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Marijuana—often called pot, grass, reefer, weed, herb, mary jane, or mj— is
a greenish-gray mixture of the dried, shredded leaves, stems, seeds, and flowers
of Cannabis sativa, the hemp plant. Most users smoke marijuana in handrolled
cigarettes called joints, among other names; some use pipes or water pipes called
bongs. Marijuana cigars called blunts have also become popular. To make blunts,
users slice open cigars and replace the tobacco with marijuana, often combined
with another drug, such as crack cocaine. Marijuana also is used to brew tea
and is sometimes mixed into foods.
The major active chemical in marijuana is delta-9-tetrahydrocannabinol (THC),
which causes the mind-altering effects of marijuana intoxication. The amount
of THC (which is also the psychoactive ingredient in hashish) determines the
potency and, therefore, the effects of marijuana. Between 1980 and 1997, the
amount of THC in marijuana available in the United States rose dramatically.
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Marijuana is the Nation’s most commonly used illicit drug. More than 83 million
Americans (37 percent) age 12 and older have tried marijuana at least once,
according to the 2001 National Household Survey on Drug Abuse (NHSDA).
Marijuana use is widespread among adolescents and young adults. The percentage
of middleschool students who reported using marijuana increased throughout the
early 1990s. In the past few years, according to the 2001 Monitoring the Future
Study, an annual survey of drug use among the Nation’s middleand high-school
students, illicit drug use by 8th-, 10th-, and 12th-graders has leveled off.
Still, in 2001, 20 percent of 8th-graders reported that they had tried marijuana,
and 9 percent were current users (defined as having used the drug in the 30
days preceding the survey). Among 10th-graders, 40 percent had tried marijuana
sometime in their lives, and almost 20 percent were current users. As would
be expected, rates of use among 12th-graders were higher still: Nearly half
had tried marijuana at some time, and 22 percent were current users. The Drug
Abuse Warning Network (DAWN), a system for monitoring the health impact of drugs,
estimated that, in 2001, marijuana was a contributing factor in more than 110,000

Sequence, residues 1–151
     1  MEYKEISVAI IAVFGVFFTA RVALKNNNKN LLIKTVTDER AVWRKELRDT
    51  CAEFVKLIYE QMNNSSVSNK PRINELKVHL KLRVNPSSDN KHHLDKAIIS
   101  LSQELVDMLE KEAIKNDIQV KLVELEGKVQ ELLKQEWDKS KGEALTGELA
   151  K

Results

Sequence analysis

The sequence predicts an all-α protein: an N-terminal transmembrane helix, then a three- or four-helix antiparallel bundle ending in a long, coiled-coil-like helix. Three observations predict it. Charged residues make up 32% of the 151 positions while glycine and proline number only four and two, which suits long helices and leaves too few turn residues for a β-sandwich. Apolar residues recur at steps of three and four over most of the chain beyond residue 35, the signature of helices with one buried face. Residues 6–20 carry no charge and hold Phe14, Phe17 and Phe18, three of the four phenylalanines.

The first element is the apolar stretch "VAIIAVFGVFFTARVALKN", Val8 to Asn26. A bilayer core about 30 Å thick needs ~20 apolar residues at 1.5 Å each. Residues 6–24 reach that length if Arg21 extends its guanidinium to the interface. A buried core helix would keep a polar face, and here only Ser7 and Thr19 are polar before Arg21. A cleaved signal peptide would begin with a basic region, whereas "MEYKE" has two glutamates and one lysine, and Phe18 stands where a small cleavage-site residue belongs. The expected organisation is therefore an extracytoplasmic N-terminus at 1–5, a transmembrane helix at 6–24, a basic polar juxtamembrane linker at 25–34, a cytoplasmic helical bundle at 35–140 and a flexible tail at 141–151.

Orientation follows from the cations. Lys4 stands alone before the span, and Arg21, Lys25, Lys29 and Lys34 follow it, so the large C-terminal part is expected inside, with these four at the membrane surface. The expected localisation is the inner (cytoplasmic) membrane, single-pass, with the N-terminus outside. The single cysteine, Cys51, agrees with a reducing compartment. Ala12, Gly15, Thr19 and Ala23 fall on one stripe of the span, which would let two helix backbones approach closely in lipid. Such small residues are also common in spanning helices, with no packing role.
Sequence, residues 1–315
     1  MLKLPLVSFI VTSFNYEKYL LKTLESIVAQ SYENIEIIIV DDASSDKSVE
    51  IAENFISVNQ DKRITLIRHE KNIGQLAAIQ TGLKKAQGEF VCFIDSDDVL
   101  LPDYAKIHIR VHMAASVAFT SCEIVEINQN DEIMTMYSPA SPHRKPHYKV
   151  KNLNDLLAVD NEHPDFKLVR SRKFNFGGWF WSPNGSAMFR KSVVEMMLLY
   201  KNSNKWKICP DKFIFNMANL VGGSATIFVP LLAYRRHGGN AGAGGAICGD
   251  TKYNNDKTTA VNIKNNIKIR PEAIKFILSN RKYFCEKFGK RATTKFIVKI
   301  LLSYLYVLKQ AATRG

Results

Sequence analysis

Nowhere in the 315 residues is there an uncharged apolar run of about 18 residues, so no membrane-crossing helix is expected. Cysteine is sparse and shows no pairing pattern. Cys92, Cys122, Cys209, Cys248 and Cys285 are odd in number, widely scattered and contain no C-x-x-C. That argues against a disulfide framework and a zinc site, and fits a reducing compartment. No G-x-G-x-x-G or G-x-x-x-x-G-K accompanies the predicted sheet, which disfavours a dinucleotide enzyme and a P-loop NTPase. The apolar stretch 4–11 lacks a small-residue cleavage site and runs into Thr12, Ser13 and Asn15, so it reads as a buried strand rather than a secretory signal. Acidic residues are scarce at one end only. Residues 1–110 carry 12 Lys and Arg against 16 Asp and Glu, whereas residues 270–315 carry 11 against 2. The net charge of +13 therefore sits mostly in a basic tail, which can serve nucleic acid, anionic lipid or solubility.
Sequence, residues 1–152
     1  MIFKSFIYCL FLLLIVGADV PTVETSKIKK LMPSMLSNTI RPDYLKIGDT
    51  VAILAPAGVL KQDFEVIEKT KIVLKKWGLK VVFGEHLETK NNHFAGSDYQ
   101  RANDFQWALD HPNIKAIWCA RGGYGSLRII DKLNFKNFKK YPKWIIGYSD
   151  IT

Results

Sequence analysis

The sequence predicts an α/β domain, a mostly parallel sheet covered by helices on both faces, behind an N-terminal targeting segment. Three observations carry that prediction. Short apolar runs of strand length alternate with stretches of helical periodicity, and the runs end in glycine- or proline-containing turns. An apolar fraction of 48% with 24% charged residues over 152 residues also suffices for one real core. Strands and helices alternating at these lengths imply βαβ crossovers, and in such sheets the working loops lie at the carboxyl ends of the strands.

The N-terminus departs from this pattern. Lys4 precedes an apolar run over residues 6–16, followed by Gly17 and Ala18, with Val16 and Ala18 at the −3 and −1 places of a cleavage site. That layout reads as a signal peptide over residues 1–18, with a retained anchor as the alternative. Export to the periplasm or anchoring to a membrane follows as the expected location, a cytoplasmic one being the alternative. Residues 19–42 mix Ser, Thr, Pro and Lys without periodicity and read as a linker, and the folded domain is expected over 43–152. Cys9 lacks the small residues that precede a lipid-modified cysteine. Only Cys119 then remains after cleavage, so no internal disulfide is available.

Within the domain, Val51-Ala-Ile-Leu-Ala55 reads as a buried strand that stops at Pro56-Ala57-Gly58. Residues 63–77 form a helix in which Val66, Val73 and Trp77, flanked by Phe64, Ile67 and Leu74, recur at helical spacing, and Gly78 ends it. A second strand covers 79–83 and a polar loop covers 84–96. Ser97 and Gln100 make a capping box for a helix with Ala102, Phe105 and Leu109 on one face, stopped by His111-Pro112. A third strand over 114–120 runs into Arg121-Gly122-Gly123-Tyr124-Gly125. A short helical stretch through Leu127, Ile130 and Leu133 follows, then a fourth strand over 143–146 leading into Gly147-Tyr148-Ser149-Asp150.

emergency department (ED) visits in the United States, with about 15 percent
of the patients between the ages of 12 and 17, and almost two-thirds male.
In 1999, the National Institute of Justice’s Arrestee Drug Abuse Monitoring
Program (ADAM), which collects data from 34 sites on the number of adult arrestees
testing positive for various drugs, found that, on average, 39 percent of adult
male arrestees and 26 percent of adult female arrestees tested positive for
marijuana. ADAM collected data on juvenile arrestees in nine sites and found
that marijuana was the most commonly used drug among these youths. On average,
53 percent of juvenile male and 38 percent of juvenile female arrestees tested
positive for marijuana.
NIDA’s Community Epidemiology Work Group (CEWG), a network of researchers that
tracks trends in the nature and patterns of drug use in major U.S. cities, consistently
reports that marijuana frequently is combined with other drugs, such as crack
cocaine, PCP, formaldehyde, and codeine cough syrup, sometimes without the user
being aware of it. Thus, the risks associated with marijuana use may be compounded
by the risks of added drugs, as well.
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Scientists have learned a great deal about how THC acts in the brain to produce
its many effects. When someone smokes marijuana, THC rapidly passes from the
lungs into the bloodstream, which carries the chemical to organs throughout
the body, including the brain. In the brain, THC connects to specific sites
called cannabinoid receptors on nerve cells and thereby influences the activity
of those cells. Some brain areas have many cannabinoid receptors; others have
few or none. Many cannabinoid receptors are found in the parts of the brain
that influence pleasure, memory, thought, concentration, sensory and time perception,